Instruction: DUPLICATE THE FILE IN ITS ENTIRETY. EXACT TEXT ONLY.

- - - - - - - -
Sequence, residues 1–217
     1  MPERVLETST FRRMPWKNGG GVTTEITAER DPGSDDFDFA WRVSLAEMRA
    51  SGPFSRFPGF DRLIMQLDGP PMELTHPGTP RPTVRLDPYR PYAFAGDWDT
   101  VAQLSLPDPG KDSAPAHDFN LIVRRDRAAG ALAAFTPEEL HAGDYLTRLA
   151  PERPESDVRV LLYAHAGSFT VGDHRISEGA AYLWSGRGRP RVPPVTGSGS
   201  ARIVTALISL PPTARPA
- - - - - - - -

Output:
Sequence, residues 1–217
     1  MPERVLETST FRRMPWKNGG GVTTEITAER DPGSDDFDFA WRVSLAEMRA
    51  SGPFSRFPGF DRLIMQLDGP PMELTHPGTP RPTVRLDPYR PYAFAGDWDT
   101  VAQLSLPDPG KDSAPAHDFN LIVRRDRAAG ALAAFTPEEL HAGDYLTRLA
   151  PERPESDVRV LLYAHAGSFT VGDHRISEGA AYLWSGRGRP RVPPVTGSGS
   201  ARIVTALISL PPTARPA